NOTE: Banquet Servers perform physical activities which are time sensitive.

What Tasks Do Stewards/Dishwashers Perform?

“Stewards retrieve, sort, load/lift, unload, and return dishes, glasses, pots, utensils and silverware, and provide these items by pushing carts to cafeteria and buffet lines. In addition, stewards maintain cleanliness in food preparation areas.” Supra.

NOTE: Stewards/Dishwashers, like the Banquet Servers, perform physical activities which are time sensitive.

What Tasks Do Cooks/Kitchen Workers Perform?

Cooks lift, weigh, measure, mix, cut and grind food ingredients; they cook these ingredients and compose salads and other food for serving Supra.

NOTE: Cooks/Kitchen, like the Banquet Servers, perform physical activities which are time sensitive.   Likewise, they may also be involved in shift work.

What Tasks Do Others Perform?

All remaining jobs were categorized as “other.” Jobs classified as “other” were those that did not share similar job tasks or exposures with the other four key job categories. These included lobby attendant, cashier, door person, host/hostess, among others.  Supra.

NOTE: Other work may involve various physical activities as well as perform shift work.

What Are the General Types of Injuries that Hotel Workers Can Sustain?

Most commonly, Hotel Workers are subject to musculoskeletal injuries.

The study cited that “[a]mong Las Vegas hotel room cleaners, the prevalence of self-reported pain associated with work was 75% during the previous year [Scherzer et al., 2005]; 63% had had severe or very severe low back pain just in the prior month [Krause et al., 2005].” Supra.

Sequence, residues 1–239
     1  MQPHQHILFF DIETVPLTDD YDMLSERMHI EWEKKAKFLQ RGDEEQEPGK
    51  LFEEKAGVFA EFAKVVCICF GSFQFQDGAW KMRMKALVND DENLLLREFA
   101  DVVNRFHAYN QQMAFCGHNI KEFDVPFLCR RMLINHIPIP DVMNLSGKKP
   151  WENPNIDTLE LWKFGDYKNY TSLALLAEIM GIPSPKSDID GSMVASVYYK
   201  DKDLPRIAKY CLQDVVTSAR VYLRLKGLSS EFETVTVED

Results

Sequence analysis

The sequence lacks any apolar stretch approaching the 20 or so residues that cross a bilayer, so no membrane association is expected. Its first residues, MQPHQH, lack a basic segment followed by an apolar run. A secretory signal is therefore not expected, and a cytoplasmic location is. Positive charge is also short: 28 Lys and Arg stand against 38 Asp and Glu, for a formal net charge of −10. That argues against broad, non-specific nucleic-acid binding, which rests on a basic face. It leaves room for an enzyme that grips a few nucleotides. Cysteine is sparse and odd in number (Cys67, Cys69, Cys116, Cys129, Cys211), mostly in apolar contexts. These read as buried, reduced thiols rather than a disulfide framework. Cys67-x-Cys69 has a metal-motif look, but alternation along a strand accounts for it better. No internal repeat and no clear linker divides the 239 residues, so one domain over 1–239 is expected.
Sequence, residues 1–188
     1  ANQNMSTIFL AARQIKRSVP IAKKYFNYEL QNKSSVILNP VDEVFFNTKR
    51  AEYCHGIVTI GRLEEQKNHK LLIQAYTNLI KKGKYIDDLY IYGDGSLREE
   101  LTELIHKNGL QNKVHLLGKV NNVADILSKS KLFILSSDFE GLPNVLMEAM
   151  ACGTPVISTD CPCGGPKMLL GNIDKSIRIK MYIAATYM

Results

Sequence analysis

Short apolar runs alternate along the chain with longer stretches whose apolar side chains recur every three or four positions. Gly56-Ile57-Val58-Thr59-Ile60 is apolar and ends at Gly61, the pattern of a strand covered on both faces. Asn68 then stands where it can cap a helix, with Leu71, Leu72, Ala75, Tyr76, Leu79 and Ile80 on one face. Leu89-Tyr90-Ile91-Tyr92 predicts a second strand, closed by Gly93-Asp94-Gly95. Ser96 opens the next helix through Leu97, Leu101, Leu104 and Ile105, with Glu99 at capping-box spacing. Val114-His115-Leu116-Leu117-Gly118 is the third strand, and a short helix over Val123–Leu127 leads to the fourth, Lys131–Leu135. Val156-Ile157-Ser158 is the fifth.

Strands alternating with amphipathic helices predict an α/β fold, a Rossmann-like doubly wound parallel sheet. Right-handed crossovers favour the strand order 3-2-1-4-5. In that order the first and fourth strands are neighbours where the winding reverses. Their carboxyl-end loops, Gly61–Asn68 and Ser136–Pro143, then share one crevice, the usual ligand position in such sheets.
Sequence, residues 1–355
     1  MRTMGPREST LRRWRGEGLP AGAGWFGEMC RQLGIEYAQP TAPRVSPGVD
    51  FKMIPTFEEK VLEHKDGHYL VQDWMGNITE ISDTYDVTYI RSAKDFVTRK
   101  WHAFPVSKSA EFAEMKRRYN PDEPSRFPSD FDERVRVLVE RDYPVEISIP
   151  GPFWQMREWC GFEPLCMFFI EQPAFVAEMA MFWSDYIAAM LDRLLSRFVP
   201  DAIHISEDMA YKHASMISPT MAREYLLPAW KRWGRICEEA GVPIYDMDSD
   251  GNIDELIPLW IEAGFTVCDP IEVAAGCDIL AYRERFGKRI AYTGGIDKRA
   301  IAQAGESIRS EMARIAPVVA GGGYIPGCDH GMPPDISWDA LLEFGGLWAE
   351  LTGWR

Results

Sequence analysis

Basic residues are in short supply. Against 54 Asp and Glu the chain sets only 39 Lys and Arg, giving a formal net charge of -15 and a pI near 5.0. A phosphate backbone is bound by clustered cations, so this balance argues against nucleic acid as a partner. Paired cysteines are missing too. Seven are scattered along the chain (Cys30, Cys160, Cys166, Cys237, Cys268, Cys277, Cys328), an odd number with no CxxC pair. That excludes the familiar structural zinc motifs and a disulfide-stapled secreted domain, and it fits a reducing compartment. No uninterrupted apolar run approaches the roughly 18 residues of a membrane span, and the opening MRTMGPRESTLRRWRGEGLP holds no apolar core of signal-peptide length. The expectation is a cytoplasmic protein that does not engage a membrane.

Additionally, Hotel Workers who work with water or other liquids  or who use gloves as subject to “wet-work” injuries.  These injuries are to the skin, i.e. contact dermatitis.  For an article discussing “wet work,” click here.  Further Hotel workers may work with products that contain fragrances.   These products may cause respiratory injuries such as “occupational asthma.” For an article discussing “fragrance-related injuries,”  click here.

What Did the Study Tell Us About Hotel Workers?  As an Injured Worker, Should It Matter?

The study found that with respect to certain Hotel Employees that women had a greater rate of work injuries than men.  It found that there were some racial differences in that certain ethnic groups had greater injury rates than whites.

NOTE: With respect to these rates, it is this writer’s opinion that more data should be explored.  Non-English-Speaking workers may stay with a work position that is physically harming them longer than English Speaking workers.  One reason for them remaining on such as a job is that that their lack of English Fluency may limit their ability to obtain less physical employment.  As a result of this, they may at a greater risk of injury.  Thus, the ethnic group itself may not really be the issue. It may be more the ability of worker to seek other employment that is less injurious in nature.

How Does the High Rate of Work Injuries Impact Hotels?

Industries with high rates of workers’ compensation claims will seek to reduce their injury rates. Since the study, Hotel Risk Management has already taken steps to reduce injuries.   For those who visit hotels, it is apparent that what has been done.  Reducing staff hours and tasks translates into lower rates of injuries.   Many Hotels, under the auspices of being “green” encourage patrons to reuse towels and decline daily “room service.”   In doing so, labor time of laundry service and housekeeping is reduced.  Long term, if staff hours are reduced, staffing may in turn be reduced.  In sum, less employees.

With respect to food service workers, many catered events feature buffets and no longer offer table service.   Further, beverage stations are offered so that attendees can get their own coffee, juice, etc.. Again, less labor hours translates to less risk of injury.   In sum, less labor hours, less employees.

Additionally, Risk Management may engage in more surveillance of their employees via cameras to prove or disprove work injuries.   NOTE: This may be most effective with respect to specific injuries and not so much with respect to cumulative trauma injury claims.